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Federal Judge Tosses Trump 2024 Ballot Lawsuit In Rhode Island

A Rhode Island federal judge tossed another challenge to former President Donald Trump’s eligibility for the 2024 ballot on Monday.

U.S. District Court Chief Judge John J. McConnell Jr., an Obama appointee, dismissed a 14th Amendment challenge to listing Trump on the Rhode Island ballot. John Anthony Castro, a little-known 2024 Republican presidential candidate, filed the lawsuit, along with several more in other states.

The Supreme Court declined in October to hear Castro’s appeal in his case filed in Florida. The First Circuit Court of Appeals found last week that Castro lacked standing to bring his New Hampshire lawsuit.

Castro’s lawsuits allege Trump is ineligible to hold office under section 3 of the 14th Amendment, which restricts officials who took an oath to the Constitution and then “engaged in insurrection” from holding office. He argues that he will lose potential voters and support if Trump remains a candidate.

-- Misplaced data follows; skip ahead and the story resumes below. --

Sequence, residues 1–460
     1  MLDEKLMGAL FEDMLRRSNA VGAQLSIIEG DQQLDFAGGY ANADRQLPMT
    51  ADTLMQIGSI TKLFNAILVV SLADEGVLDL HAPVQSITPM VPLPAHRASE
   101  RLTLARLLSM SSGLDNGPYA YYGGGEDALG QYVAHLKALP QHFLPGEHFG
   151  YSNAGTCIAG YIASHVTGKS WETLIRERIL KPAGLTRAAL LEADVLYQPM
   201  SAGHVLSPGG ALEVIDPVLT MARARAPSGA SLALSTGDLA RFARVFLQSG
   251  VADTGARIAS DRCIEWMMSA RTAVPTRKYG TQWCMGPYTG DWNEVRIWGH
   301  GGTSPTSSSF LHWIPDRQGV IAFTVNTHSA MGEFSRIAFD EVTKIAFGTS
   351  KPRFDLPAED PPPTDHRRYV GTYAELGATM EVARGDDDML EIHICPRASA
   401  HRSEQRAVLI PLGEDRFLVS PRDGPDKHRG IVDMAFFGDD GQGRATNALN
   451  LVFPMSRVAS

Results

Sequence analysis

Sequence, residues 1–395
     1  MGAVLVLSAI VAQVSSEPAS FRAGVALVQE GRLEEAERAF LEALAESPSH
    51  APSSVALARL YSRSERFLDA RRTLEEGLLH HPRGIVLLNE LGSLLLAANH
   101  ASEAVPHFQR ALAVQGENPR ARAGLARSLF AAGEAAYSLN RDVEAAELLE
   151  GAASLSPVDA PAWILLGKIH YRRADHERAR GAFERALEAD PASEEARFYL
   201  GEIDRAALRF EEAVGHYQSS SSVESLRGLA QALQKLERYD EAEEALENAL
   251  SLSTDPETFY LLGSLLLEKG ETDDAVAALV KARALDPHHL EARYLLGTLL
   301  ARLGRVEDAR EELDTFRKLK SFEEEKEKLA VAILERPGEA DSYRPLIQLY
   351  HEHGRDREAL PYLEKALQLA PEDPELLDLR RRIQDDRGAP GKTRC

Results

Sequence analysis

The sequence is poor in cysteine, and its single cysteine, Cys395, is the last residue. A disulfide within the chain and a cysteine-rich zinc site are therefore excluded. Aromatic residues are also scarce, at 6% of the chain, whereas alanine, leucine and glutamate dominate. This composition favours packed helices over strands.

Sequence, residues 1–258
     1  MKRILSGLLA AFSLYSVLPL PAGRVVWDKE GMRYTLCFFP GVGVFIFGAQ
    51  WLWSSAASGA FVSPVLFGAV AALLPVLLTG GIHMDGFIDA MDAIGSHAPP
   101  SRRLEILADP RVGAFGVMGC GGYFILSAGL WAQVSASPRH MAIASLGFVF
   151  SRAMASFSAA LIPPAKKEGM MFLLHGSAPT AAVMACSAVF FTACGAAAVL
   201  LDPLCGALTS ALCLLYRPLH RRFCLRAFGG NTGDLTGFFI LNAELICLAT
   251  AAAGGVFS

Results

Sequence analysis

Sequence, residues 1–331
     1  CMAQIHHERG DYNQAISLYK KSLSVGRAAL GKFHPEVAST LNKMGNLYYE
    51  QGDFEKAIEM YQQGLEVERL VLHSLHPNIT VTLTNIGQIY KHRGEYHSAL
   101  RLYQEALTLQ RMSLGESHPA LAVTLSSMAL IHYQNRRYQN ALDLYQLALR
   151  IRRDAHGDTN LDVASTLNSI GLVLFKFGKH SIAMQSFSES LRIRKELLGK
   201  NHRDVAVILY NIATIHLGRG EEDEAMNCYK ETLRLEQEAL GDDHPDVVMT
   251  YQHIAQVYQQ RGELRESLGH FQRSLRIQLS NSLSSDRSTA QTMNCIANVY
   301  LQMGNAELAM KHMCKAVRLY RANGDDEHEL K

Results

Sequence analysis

McConnell made his decision in light of the reasons laid out in the First Circuit’s opinion, which found that Castro was not “a direct and current competitor” of Trump at the time of filing his complaint.”Accordingly, it follows that he has not shown that, as of that time, he had satisfied the injury-in fact component of the standing inquiry,” the court ruled.

“The American people have the unassailable right to vote for the candidate of their choosing at the ballot box, something the Democrats and their allies driving these cases clearly disagree with,” Trump spokesman Steven Cheung said in a statement. “President Trump believes the American voters, not the courts, should decide who wins next year’s elections and we urge a swift dismissal of all such remaining bogus ballot challenges.”

Courts have now rejected similar ballot challenges in Colorado, New Hampshire, Minnesota and Michigan. In a case brought by the left-wing donor backed group Citizens for Responsibility and Ethics in Washington (CREW), a state judge in Colorado ruled Nov. 17 that Trump had “engaged in an insurrection on January 6, 2021 through incitement” but determined that section three did not apply to him because he is not an “officer of the United States.”

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